A slim chance of having English word marks


Julia Holden and Antonio Salvidio

On February 9, 2015, the Italian Supreme Court issued a decision in a case involving a word mark in the English language. The mark in question, ‘Slimmix’, was registered by the Italian company Medicinali e Cosmetici (MEC) in respect of dietary supplements having a slimming function.

An earlier word mark for ‘Slimmer’, belonging to Baif International Products New York, had been registered for the same type of goods. Baif had asked the Court of Milan to order an injunction against MEC. The defending party sought, instead, for the sign ‘Slimmer’ to be declared invalid on the basis that it was a common word in the English language, hence lacking distinctiveness and being merely descriptive of the product’s function also in the Italian territory.

Earlier trademark: Baif


Later trademark: MEC


The Court of Milan and later the Court of Appeal of Milan granted an injunction order in favour of Baif.

MEC sought relief from the Supreme Court, arguing that the courts of first and second instance had misapplied the law regarding the necessary distinctiveness required for a trademark to be registered.

The Supreme Court first referred to the principle taken from the Court of Justice in the European Union case of C-421/04. The decision said that registration as a trademark of a term borrowed from the language of another member state in which it is descriptive of the goods for which registration is sought, is not precluded from registration. This is unless the relevant public is capable of identifying the meaning of the term. It suggests that the distinctive character must be assessed in light of the goods for which the trademark is registered and in light of the average consumer of these goods.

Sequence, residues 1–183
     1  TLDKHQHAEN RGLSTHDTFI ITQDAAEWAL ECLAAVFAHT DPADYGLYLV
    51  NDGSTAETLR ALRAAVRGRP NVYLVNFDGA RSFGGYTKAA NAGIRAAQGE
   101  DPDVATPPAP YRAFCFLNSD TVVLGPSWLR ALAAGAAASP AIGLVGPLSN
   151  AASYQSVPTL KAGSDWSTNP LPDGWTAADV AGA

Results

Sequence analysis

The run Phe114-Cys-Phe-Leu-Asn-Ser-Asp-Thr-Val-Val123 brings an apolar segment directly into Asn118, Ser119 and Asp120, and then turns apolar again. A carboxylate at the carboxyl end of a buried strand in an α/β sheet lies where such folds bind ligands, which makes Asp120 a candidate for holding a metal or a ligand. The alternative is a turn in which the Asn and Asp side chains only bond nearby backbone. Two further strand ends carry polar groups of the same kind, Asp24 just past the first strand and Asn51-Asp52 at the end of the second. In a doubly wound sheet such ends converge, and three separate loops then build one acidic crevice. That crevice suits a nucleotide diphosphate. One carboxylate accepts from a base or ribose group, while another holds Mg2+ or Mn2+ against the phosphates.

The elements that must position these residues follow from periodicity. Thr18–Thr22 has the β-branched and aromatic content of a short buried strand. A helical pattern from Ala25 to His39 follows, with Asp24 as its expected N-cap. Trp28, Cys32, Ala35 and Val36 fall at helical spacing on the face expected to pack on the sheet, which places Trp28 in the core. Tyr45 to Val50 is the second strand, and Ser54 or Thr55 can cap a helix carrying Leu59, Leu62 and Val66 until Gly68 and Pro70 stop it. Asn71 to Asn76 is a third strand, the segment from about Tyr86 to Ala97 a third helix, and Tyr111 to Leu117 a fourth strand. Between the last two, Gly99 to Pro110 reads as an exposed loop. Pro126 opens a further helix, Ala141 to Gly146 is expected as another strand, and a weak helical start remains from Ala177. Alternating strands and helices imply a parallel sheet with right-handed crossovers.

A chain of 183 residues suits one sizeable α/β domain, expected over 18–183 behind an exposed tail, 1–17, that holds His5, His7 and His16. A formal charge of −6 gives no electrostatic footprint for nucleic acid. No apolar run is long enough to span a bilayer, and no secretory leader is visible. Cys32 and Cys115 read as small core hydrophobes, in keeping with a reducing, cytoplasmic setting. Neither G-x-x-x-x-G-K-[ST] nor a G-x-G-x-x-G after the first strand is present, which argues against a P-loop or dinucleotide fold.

"Such a term can still be devoid of distinctiveness and be merely descriptive in the Italian territory if the term has become part of the common language."

At this point the Supreme Court held that, in fact, the Court of Appeal had not correctly assessed the distinctiveness of the term, as it did not take into consideration the slimming function of the goods. This function was brought to mind by the term ‘slim’, although with the addition of the syllable ‘-er’, ie, using it in the ‘comparative’ form. 

According to the Supreme Court, this modification did not transform it into a fanciful term at all, as had been stated by the Court of Appeal, and instead it further stressed the descriptive nature of it in relation to the goods.

The court pointed out that it is a common assumption that Italians have only a limited knowledge of the English language. Consequently, English terms are easily qualified as fanciful. However, such a term can still be devoid of distinctiveness and be merely descriptive in the Italian territory if the term has become part of the common language.

Finally, the Supreme Court granted relief to the appealing party (MEC), annulling the Court of Appeal’s judgment and ordering a new trial before that court. It stated that in order to assess the validity of the trademark based on its distinctiveness, the court needed to ascertain to which degree the meaning of the term is known among the relevant public.

This appears to be just the latest of a series of cases, many at European level, which has found English terms devoid of distinctiveness or descriptive for goods in respect of which they were registered even though they were intended for use in a jurisdiction in which English is still not considered to be well known.

Businesses in countries where English is not a native language will have to think carefully before adopting English names for their products of that genre as, even though English is still not well known in many parts of Europe, this is rapidly changing with the next generation. So the risk of an English-language mark used in an ostensibly non-English language jurisdiction where English is increasingly well known being considered as a descriptive term, and hence invalid, is certainly increasing. Brand owners need to be aware of this and opt for more inventive fictitious words without any decipherable meaning where possible. 

Julia Holden is a partner at Trevisan & Cuonzo. She can be contacted at: jholden@trevisancuonzo.com

Antonio Salvidio is a trainee lawyer at Trevisan & Cuonzo. He can be contacted at: asalvidio@trevisancuonzo.com

Julia Holden, Antonio Salvidio, Trevisan & Cuonzo, word mark, trademark, Baif, MEC,